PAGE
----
I started crying before we even made it through the double doors. It might have been the functionality of his school: the student monitors stationed around the circle drive, the teachers on walkie-talkies organizing drop-off, the parents swinging briskly through the car line as if the world weren’t ending. How did everyone else know what they were doing? Greg and I trudged up the front walk, our tiny baby son between us, very unready to let him go.
Toby was brilliant. None of the order and rush of the school bothered him. He said, “I’m so excited!” It felt strange. Three months ago he still cried when I dropped him at preschool. Today he was confident– a small, sweet, sparkly-eyed boy with his stuffed Dalmatian Samson peeking out of his backpack. He held my hand and for the first time, I knew he was doing it for my sake and not his own.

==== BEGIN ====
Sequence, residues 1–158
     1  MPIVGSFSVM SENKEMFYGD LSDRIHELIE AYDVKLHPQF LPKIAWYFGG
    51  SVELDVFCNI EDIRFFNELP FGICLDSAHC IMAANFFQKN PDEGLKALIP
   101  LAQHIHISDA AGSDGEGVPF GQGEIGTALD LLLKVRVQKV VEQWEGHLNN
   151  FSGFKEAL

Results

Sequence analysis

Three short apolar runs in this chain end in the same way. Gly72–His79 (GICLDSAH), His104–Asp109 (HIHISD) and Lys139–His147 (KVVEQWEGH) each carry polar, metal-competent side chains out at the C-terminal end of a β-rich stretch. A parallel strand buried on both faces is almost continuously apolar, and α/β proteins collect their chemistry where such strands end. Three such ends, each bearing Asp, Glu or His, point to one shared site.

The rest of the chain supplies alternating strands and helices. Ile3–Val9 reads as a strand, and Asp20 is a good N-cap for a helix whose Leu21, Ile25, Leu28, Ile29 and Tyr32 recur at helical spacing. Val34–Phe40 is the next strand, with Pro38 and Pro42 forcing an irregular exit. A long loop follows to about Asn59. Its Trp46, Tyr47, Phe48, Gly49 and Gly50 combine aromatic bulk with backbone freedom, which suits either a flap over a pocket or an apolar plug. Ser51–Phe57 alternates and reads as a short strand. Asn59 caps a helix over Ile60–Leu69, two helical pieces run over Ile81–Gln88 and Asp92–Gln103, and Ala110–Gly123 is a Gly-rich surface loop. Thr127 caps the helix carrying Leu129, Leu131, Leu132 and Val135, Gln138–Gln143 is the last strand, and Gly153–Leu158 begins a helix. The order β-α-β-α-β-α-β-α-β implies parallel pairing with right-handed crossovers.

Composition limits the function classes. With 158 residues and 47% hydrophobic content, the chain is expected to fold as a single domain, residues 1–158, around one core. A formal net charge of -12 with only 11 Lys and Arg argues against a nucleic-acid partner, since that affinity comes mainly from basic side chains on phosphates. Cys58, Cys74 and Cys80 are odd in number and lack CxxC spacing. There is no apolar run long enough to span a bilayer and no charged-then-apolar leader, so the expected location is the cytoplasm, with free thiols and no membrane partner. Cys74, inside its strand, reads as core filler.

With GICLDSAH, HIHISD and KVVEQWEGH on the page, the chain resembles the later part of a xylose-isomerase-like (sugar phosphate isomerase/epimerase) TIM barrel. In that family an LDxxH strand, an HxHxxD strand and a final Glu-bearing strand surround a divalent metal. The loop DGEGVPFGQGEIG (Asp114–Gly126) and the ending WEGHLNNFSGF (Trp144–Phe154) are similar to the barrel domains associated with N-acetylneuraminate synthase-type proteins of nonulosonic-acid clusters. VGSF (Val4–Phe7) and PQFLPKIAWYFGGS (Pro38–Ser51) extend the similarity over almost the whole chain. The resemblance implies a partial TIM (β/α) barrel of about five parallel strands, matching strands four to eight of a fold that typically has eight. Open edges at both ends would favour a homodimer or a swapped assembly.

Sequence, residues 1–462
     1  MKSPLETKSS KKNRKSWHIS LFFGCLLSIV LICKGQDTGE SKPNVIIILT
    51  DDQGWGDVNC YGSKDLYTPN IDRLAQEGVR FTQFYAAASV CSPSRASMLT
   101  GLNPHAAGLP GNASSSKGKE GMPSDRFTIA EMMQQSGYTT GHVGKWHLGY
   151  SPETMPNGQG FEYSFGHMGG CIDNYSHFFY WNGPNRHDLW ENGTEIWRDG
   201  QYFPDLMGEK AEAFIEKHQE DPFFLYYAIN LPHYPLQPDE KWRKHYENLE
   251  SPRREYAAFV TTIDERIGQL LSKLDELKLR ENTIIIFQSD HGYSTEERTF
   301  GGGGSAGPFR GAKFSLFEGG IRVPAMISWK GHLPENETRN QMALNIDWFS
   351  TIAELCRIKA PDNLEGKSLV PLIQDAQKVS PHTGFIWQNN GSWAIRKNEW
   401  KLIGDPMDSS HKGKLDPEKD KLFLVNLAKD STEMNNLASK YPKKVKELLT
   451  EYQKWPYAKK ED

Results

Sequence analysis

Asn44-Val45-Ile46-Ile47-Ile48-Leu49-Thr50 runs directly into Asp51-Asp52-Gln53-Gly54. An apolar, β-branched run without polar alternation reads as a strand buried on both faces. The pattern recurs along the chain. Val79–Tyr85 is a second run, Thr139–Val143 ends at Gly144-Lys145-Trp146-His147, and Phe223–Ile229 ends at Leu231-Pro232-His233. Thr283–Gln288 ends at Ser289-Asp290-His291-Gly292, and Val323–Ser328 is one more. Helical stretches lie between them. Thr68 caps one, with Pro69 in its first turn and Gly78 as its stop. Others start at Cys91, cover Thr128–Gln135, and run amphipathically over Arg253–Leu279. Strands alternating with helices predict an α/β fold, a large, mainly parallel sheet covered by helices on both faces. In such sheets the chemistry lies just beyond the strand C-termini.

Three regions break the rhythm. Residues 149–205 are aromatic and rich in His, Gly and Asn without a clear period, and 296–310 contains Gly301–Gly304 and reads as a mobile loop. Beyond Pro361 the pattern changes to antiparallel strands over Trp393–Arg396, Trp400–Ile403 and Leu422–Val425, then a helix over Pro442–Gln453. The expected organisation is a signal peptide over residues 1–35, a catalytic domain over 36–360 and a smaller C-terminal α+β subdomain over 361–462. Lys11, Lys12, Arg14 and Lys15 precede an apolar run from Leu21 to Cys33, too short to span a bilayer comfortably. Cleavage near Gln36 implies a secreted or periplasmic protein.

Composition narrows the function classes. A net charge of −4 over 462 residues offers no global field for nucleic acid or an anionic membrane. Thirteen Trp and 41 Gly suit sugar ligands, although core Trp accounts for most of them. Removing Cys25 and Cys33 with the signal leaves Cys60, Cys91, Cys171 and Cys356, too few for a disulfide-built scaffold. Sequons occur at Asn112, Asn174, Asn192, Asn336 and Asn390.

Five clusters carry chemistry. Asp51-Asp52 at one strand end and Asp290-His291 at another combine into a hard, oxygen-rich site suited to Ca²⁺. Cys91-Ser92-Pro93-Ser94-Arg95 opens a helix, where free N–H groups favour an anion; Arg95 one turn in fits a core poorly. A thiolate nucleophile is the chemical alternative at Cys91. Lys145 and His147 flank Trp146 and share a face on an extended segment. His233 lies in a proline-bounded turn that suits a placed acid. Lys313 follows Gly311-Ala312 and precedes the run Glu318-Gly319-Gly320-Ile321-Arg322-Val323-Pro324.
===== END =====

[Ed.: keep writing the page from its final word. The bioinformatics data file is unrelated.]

All of the kids and parents had to wait in the gym before the bell rang. I fake-smiled at the other moms, though I really wanted to watch the whole scene from a private room where I could noisy cry by myself. All I could think about was Toby’s new cargo shorts and how much he looked like Greg in them. “Don’t help me pull up my shorts,” he said while getting dressed this morning. “You have to do it yourself when you are in Kindergarten.” And he could.
He could also walk into his classroom without clinging to my shin, hang up his Lightning McQueen backpack on the hook labeled “Toby,” and find his own friends to sit with at a table. And all of that, though I’ve been working toward those goals for five years, made me inconsolably sad.
I didn’t want him to howl and lock his arms around my neck when it was time for me to go, but his total competence shattered the view I have of him, that pink-cheeked newborn swaddled up like a pea pod. I’m excited that he is growing into the man I always wanted him to be. He is everything I hoped for him and more. It’s just happening so much faster than I thought it would.
But I’m so proud of him. My dear sweet baby boy.